Survey Finds Kubernetes Ripple Effect Widening

A survey of 500 attendees at the recent KubeCon + CloudNativeCon 2018 conference suggests that early adopters of Kubernetes are now wrestling with many of the downstream issues that ensue after embracing microservices-based applications based on containers to build and deploy applications.

Conducted by Platform9, a provider of managed Kubernetes services, the survey finds the top three concerns conference attendees have are the complexity associated with managing multi-cloud environments, with 34 percent saying they were very concerned about this issue; running stateful applications on Kubernetes, at 33 percent; and the operational complexity associated with managing Kubernetes, at 31 percent.

The multi-cloud issue is becoming problematic because most of the attendees report their organizations are already running Kubernetes in multiple places. A full 65 percent of survey respondents say they need to deploy Kubernetes deployments in an on-premises infrastructure, with Linux-based systems (44 percent) or VMware (22 percent) topping the list.

In terms of public cloud service providers, Amazon Web Services (AWS) leads that pack at 55 percent. Google Cloud Platform (GCP) and Microsoft are essentially tied for second at 34 percent and 33 percent, respectively.

Top use cases for Kubernetes cited by survey respondents are running Web services deployed as microservices was the most popular use case, (73 percent), followed by employing containers as an alternative to virtual machines (55 percent) and taking advantage of serverless computing frameworks or function-as-a-service (FaaS) offerings (40 percent).

The survey also finds that 39 percent of respondents rely in Helm and various types of Operators applications to manage Kubernetes. An almost equal percentage of respondents say they are responsible for designing and developing Kubernetes-based applications or operating these applications in a production environment A total of 41 percent identified themselves as being responsible for both the Dev and the Ops side of a Kubernetes environment.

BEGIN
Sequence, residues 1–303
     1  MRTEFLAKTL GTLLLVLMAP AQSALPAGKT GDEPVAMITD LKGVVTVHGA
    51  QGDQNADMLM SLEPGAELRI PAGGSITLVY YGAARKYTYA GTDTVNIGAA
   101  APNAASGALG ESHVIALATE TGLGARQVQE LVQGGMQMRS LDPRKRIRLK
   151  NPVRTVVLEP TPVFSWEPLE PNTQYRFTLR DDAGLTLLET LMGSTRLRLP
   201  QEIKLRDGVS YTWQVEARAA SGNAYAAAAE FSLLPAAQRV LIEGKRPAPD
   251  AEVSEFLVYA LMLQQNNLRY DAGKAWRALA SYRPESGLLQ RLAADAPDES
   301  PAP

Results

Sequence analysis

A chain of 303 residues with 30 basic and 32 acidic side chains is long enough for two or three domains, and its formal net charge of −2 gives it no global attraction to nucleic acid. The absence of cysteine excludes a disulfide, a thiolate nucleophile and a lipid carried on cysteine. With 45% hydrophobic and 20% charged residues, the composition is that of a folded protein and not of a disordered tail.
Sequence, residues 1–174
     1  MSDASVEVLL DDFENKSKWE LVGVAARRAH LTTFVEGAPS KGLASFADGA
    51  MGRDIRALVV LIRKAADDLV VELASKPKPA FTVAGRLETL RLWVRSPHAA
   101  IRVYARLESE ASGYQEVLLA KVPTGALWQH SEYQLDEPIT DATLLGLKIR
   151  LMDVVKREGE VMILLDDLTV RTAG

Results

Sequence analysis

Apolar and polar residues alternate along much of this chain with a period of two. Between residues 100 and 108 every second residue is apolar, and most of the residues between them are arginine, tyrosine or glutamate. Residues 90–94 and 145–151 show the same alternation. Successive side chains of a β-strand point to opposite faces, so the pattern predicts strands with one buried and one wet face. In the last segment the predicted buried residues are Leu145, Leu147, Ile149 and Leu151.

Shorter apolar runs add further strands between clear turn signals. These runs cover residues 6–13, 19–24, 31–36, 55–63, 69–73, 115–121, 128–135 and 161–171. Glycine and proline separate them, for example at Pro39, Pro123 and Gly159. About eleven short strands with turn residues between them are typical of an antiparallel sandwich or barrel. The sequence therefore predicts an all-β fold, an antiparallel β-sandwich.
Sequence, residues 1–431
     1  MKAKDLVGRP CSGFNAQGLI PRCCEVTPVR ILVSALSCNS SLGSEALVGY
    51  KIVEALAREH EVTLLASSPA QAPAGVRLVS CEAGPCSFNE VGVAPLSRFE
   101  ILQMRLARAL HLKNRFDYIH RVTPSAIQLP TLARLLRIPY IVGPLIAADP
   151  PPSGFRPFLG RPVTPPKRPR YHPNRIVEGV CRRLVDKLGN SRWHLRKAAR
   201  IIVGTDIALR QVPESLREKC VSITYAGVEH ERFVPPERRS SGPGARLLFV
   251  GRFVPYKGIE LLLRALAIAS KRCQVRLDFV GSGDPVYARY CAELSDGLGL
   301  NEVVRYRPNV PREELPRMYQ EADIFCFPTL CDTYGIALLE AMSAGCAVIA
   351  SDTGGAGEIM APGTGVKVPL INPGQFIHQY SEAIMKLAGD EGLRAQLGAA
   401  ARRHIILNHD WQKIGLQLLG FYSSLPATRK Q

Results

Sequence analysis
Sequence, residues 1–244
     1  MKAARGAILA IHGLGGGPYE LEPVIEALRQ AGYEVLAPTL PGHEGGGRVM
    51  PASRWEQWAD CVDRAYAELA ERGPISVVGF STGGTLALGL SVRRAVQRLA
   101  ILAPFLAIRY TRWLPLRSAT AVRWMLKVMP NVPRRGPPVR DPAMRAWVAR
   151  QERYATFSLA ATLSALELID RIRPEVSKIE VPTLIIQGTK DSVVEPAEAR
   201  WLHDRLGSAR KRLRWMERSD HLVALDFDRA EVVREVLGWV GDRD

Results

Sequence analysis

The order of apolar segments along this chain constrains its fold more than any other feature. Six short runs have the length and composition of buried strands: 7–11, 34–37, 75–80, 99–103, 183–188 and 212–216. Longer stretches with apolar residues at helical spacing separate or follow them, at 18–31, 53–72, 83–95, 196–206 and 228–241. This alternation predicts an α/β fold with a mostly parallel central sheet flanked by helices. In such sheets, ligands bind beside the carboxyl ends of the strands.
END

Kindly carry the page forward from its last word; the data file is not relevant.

Conference attendees are also far along when it comes to embracing a variety of Kubernetes-related technologies. Most widely adopted complementary Kubernetes technologies include container Registries (73 percent), Prometheus monitoring software (53 percent) and application programming interface (API) gateways (50 percent). The top three technologies being evaluated by conference attendees are Istio service mesh (52 percent), distributed tracking (32 percent) and Prometheus (31 percent).

Platform9 CEO Sirish Raghuram says the survey makes it clear that when it comes Kubernetes there’s a lot of diversity to contend with. In addition, it’s clear IT organizations are now starting to wrestle with the potential impact Kubernetes will have on DevOps processes. In some cases, management of applications and operations is being further unified. But Kubernetes also presents an opportunity to embrace a common framework that makes it easier to separate engineering concerns between application developers and IT operations teams.

It may take a whole for the impact Kubernetes will have on enterprise IT to fully manifest itself. But early indications suggest it’s likely Kubernetes will soon have the more profound impact on IT processes than any other platform since the introduction of the virtual machine.

Mike Vizard

Mike Vizard is a seasoned IT journalist with over 25 years of experience. He also contributed to IT Business Edge, Channel Insider, Baseline and a variety of other IT titles. Previously, Vizard was the editorial director for Ziff-Davis Enterprise as well as Editor-in-Chief for CRN and InfoWorld.

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